Income from Assets
Almost half of all the senior citizens have received interest that is generated from the assets they have held in treasury notes, bonds, interest-bearing savings, certificates of deposits and from their checking accounts. This is based on statistics from 2010 where 49% of the senior citizens were found to have income from their assets (Brandon, 2012). The same statistics showed that 19% of the retired population received dividends in payments from mutual fund shares and stock holdings (Brandon, 2012). 9% of the retired population also got extra income through royalties earned from the work that they had done earlier on in their careers of by renting out their property (Brandon, 2012). Irrespective of the high number of older population who receive income from their assets is high, the amount received in income is very small. In fact, Brandon (2012) reports that the medial value for the income asset in 2010 was 1260 dollars.
Expenditures of the Elderly Population
The elderly population has needs that require them to spend some or all of the income earned. The categories in which these expenditures are made include their homes, health, entertainment, food, clothing and transport. Statistics shows that most of the expenditure by the elderly population is on their home with as much as 39% of the income going into the expenses of their homes. This was reported in 2001. As the years pile on, the amount in expenditure for the home has increased. Statistics show that the percentage of the expenditure that goes to the home increased over the years with the highest reported being 43% in 2003, 44% in 2005, 46% in 2007 and 47% in 2009 (Banerjee, 2012).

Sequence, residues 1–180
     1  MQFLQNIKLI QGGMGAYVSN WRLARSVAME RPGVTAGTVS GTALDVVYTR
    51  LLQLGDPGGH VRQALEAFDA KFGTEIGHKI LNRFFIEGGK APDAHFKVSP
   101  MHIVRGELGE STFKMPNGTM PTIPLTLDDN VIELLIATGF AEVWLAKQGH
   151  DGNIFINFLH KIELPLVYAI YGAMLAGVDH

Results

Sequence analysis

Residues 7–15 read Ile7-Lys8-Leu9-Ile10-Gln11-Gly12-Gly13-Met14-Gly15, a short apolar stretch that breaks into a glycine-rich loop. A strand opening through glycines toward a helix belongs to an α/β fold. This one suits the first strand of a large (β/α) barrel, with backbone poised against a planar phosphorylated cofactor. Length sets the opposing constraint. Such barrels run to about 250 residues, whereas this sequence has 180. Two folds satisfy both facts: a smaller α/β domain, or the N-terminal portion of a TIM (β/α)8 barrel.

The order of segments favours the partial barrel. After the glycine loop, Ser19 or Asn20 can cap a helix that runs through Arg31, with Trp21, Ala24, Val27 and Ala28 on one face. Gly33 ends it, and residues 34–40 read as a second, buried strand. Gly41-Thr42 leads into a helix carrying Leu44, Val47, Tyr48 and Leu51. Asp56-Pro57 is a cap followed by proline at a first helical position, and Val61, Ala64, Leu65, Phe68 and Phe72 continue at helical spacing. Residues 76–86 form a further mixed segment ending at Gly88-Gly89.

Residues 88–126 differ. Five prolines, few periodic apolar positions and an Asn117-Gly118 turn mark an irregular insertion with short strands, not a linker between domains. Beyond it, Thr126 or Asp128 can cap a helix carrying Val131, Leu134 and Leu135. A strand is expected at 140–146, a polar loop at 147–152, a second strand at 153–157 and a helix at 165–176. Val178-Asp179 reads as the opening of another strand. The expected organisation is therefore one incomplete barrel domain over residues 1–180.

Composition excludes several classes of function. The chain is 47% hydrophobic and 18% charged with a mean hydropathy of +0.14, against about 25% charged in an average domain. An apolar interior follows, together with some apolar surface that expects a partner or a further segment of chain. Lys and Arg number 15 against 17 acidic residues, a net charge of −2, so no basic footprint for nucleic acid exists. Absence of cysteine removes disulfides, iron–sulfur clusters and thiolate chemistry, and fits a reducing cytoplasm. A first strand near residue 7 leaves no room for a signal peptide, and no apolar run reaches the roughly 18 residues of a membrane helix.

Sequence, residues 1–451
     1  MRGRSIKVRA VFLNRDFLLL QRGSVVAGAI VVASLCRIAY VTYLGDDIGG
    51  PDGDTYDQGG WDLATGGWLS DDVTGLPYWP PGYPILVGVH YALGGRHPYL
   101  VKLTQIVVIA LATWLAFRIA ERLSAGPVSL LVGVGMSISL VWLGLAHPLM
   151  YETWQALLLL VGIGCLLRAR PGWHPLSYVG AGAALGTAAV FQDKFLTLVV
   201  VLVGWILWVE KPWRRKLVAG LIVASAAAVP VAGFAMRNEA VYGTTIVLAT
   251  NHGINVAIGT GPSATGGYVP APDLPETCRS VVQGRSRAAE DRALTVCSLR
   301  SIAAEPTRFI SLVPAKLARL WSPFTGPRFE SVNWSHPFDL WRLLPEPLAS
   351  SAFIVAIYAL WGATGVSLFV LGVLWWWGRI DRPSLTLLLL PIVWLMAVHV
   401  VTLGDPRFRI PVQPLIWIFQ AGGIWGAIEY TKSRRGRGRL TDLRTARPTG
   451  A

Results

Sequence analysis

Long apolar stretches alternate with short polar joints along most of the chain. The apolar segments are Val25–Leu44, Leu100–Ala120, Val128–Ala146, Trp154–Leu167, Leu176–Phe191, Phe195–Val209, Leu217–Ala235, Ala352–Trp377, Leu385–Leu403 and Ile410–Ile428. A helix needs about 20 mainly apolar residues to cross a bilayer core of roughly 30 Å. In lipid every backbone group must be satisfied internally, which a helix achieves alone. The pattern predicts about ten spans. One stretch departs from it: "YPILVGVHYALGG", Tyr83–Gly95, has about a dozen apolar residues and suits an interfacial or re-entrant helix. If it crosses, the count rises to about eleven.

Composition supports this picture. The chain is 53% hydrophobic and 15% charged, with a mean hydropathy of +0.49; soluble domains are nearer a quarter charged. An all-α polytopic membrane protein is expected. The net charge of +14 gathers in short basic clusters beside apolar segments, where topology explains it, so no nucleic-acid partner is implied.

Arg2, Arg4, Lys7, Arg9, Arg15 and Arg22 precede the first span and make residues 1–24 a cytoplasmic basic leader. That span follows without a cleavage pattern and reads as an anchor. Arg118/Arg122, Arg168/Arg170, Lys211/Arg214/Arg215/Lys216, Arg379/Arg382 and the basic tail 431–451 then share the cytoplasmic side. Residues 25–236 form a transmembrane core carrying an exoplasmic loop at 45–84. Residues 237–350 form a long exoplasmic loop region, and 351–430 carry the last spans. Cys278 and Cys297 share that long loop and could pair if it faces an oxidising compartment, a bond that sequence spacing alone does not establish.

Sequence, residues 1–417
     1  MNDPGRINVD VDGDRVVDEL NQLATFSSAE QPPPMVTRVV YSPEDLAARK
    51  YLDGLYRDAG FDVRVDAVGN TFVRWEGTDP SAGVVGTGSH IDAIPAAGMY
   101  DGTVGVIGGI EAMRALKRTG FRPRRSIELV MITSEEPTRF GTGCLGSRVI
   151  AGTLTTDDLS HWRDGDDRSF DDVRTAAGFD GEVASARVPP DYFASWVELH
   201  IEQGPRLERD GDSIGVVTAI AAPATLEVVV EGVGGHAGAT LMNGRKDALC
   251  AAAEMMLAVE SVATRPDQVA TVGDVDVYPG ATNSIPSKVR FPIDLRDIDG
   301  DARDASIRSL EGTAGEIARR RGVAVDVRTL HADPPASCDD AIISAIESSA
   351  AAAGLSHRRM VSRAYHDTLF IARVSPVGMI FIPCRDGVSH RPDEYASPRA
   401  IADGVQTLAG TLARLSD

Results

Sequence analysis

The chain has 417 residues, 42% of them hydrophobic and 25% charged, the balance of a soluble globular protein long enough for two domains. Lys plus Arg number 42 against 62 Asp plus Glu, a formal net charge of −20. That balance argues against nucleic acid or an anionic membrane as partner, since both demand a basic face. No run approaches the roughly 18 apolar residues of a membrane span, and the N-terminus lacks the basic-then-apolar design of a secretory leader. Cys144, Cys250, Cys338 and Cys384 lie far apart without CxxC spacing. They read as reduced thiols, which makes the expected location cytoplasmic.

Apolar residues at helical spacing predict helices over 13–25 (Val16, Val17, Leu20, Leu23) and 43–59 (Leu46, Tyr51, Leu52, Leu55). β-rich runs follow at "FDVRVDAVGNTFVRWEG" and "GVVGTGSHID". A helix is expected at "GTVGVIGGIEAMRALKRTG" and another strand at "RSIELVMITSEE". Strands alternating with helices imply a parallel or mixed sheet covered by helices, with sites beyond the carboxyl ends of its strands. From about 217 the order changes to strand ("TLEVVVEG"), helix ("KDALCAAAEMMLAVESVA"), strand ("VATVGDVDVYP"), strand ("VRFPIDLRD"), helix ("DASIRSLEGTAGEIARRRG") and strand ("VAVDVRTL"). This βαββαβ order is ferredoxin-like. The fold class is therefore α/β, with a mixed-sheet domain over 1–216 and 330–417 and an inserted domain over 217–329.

Statistics have also showed that the expenditure for the elderly population decreases with increase in wage. For instance, in 2009, the percentage of the expenditure for the home for those aged between 50 and 64 years was 47%. In the cohort of 65 to 74 year, the total expenditure for the home averaged at 44%. In the cohort of 75 to 84 years, the total expenditure on home averaged at 42%. This showing a reduction in expenditure as the age increases (Banerjee, 2012).
Reforms to Balance Income and Expenditure
The design of pension systems is to provide a steady income for the individuals who might suffer losses in their capacity to earn as a result of their advanced age, the death of those in the family who earn the wages or suffer disability. Reforms aimed at balancing the income and the expenditures of the older population should be effect earlier on in the careers so that they are effective upon retirement. This calls for the calculation of premiums in used in the retirement benefits schemes so that the contributions made are sufficient to meet the needs of the contributors upon retirement.
Economic Effect of the Aging Population on the Family Members